If you meet him in the streets, it would be easy to refer him to ‘Engineer’ Anthony Muthungu due to his story of manufacturing USB cables locally. However, unknown to many, Muthungu has a background in the education sector.
On Tuesday, December 12, 2022, Muthungu met President William Ruto who recognised his input in the tech sector, thanks to his company, Totosci Holdings Ltd, which manufactures USB cables.
The 29-year-old started the company out of frustration during the Covid-19 pandemic, while he was trying to transfer some files to his laptop, but all USB cables he had failed.
“In my house, I was having six USB cables and none was working. I thought maybe it was me who had bad luck with USB cables but my friends also had the same issue. I decided to buy their faulty cables at Ksh10 per piece and within two weeks I had 7,000 cables. My curiosity made me dismantle the cables and check what the issue was. What I saw inside tempted me to create something of good quality,” said Muthungu.
The physics teacher saw a gap in the market, of lack of proper USB cables, and decided to give it a shot. He teamed up with a number of experienced engineers and they began to inspect the cables, trying to figure out the major weaknesses.
“I documented each and every one of the 7,000 USB cables and identified the problem and decided to fill the gap. This required a lot of research and looking into the materials and machinery required. Then I decided to build something that is ten times better than what is already in the market,” Muthungu said.
His team consisted of computer, software, mechanical and electrical engineers and machines imported from India and China.
“I got a loan of Ksh3 million from a friend and decided to go for it. I had to train this team that I am working with on this invention because it is a new thing,” he said.
Having been in the business for over three years now, Muthungu admits that it has not been a smooth ride, especially due to high taxation in the manufacturing sector.
“It isn’t just the issue of taxation but even the cost of running business when you factor in the cost of electricity and fuel. Again buying these USB cables from China is cheaper even when you pay excise duty as compared to producing them here. Most retailers actually prefer importing the cables,” Muthungu said.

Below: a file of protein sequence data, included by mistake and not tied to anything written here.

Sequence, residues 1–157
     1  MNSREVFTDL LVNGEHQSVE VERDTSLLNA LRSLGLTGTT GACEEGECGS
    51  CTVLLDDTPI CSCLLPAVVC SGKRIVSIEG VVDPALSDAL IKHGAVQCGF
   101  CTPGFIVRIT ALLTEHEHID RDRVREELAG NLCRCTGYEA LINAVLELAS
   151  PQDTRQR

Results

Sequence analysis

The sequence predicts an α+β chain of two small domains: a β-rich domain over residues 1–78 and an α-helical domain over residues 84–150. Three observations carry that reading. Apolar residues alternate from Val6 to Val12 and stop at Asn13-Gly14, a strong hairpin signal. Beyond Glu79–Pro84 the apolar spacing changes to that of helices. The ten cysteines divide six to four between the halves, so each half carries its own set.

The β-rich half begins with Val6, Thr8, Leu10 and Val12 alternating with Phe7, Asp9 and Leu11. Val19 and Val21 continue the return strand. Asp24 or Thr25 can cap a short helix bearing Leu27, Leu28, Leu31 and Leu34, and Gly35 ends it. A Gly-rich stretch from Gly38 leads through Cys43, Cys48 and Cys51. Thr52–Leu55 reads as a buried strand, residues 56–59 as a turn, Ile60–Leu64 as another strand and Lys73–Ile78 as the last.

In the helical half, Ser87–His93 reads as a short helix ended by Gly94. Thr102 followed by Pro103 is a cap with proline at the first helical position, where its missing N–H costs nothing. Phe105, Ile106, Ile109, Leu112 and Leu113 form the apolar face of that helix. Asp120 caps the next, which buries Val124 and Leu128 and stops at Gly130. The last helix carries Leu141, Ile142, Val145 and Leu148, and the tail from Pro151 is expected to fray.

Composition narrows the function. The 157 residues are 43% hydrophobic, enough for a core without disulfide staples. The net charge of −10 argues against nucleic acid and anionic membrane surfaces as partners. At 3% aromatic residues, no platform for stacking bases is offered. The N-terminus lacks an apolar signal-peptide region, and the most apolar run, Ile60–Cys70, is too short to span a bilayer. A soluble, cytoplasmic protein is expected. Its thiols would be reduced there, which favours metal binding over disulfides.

“I am an industrialist, even though I make Ksh1 profit per USB cable and I sell it to one million people, that would be a Ksh1 million profit. Even with the high cost of taxation I know that nothing is permanent. This is not for the fainthearted, I tried to find someone in Africa who is doing the same thing so that we can share notes, I didn’t find anyone. Only risk takers carry the day.”
Even though the USB cables have been approved by the Kenya Bureau of Standards (KEBS) and the Kenya Export Promotion and Branding Agency (KEPROBA), the Kenyan market is still not as receptive.
“I don’t know whether it’s a colonial mentality where people think anything made in Kenya is inferior. It’s like we can’t make it Kenya, this must be fake. Others want to buy it cheaply just because it’s made in Kenya,” Muthungu noted.
The USB cables are 90 percent made in Kenya with raw materials such as recycled plastics, wires and injection plastics, sourced locally.
“We only import connectors from China and India. We are currently looking for funds to buy machines to make the connectors so that everything will be sourced here. The machine is quite expensive we will get it in a few years,” Muthungu said.
By 2023 the group said it working on producing mobile phone accessories across the country with their target being to assemble mobile phones by 2025.
“By 2026 we want to be a full unit producing mobile phones, earphones and chargers, we will be offering a complete unit,” he said.
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